Unix wrote:
Quote
What is the point of "mining"?  Why is that necessary, I don't get it?

I had to read Satoshi Nakamoto's original paper to find out the answer.
His mining process prevents counterfeiting of BitCoins.
No matter how many computers participate, that process is the source of all BitCoins.
Verifying that each BitCoin came from that process is the first step in its blockchain.

Read sections 6 and 12 of Nakamoto's paper for more details.  Here's a link to the pdf:
     https://bitcoin.org/bitcoin.pdf
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Discussions - Public / Re: Damore's Class Action Lawsuit Against Google
« Last post by JoFrance on January 12, 2018, 03:45:40 PM »
I am so glad that James Damore didn't let this go.  I haven't read his entire lawsuit but I have read some things that make it clear that you need to be re-educated if you don't agree with their liberal dogma.  Google is disgusting and its a shame that the company has become so powerful that it can do whatever it wants.

We the People, have a lot of work to do to take down these out of control enterprises.  They are a threat to us all.

http://www.breitbart.com/tech/2018/01/08/damore-complaint-shows-allegedly-widespread-intimidation-of-conservatives-at-google/
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Discussions - Public / Re: The Fatal Mistake Crypto Investors are Making Now
« Last post by jbucks on January 12, 2018, 07:01:20 AM »
My very uninformed opinion on mining is this (at the BlockChain) level....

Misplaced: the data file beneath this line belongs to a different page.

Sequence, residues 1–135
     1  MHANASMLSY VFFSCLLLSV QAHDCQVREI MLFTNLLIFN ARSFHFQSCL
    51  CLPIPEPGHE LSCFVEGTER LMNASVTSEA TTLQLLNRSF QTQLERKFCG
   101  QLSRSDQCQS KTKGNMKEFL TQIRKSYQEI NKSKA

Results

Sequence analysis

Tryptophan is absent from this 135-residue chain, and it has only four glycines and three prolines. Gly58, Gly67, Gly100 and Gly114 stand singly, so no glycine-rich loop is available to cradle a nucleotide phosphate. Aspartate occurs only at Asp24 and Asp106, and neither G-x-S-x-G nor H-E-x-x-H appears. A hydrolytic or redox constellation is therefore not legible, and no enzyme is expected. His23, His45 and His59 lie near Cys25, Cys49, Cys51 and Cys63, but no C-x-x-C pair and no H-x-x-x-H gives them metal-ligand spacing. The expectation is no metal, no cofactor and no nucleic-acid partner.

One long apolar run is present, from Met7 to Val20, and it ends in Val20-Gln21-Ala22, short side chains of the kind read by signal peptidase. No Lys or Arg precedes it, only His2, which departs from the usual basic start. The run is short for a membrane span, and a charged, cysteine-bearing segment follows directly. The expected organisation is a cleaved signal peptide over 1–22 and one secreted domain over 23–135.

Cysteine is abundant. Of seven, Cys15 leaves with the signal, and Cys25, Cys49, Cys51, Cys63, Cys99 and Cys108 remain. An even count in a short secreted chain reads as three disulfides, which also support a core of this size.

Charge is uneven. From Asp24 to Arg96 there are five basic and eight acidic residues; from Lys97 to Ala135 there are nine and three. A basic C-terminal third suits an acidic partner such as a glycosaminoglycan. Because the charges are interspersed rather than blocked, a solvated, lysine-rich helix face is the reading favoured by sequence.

As I understand it, "mining" is the term used for all the (worldwide) compute power to do the processing of the blockchain processes.  Since there isn't a centralized processor for this, it appears the overall / distributed concept is that everyone that's set up a "miner" earns minuscule amounts of "things" (bitcoins, ethereium, etc) in exchange for this compute processing.

I think BlockChain shows some long term possibilities, but don't know if BitCoin, Etherium, etc. is "it".

Jim
98
Discussions - Public / Re: Damore's Class Action Lawsuit Against Google
« Last post by unix on January 11, 2018, 05:42:16 PM »


Gulag is such a hypocrite.. switch to an encrypted search page like duckduckgo or startpage
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Discussions - Public / Re: The Fatal Mistake Crypto Investors are Making Now
« Last post by unix on January 11, 2018, 05:41:36 PM »

That maybe so, but I need assurance that it won't suddenly crash to zero.

I could have that assurance with say precious metals, they fluctuate but won't head to the bit bucket in a few nanoseconds.

What is the point of "mining"?  Why is that necessary, I don't get it?
100
Discussions - Public / Re: The truth about BitCoin and the world economy
« Last post by unix on January 11, 2018, 05:39:38 PM »
I would jump on the BTC bandwagon *if* the rules were such that it could never be expanded. If they agreed on a fixed amount of currency and that was it. 10 million or 5 thousand.

Here is an economic truth #999 *drumroll*

The quantity is irrelevant. Any amount of currency will do, because each individual unit of currency, crypto, gold, paper or seashells will adjust its purchasing power to reflect the quantity.  It's not necessary to grow the currency at all to have a functioning economy.

e.g. you can make 1 bitcoin per month or 1 dollar per month if a car costs 5 dollars and a meal 1/4 cent.

The fatal flaw in this cryptocurrency, as I see it, is all this mining bullshyt.   this means someone can run a mining farm and constantly devalue the currency at my expense. they make coins at the expense of non-mining members.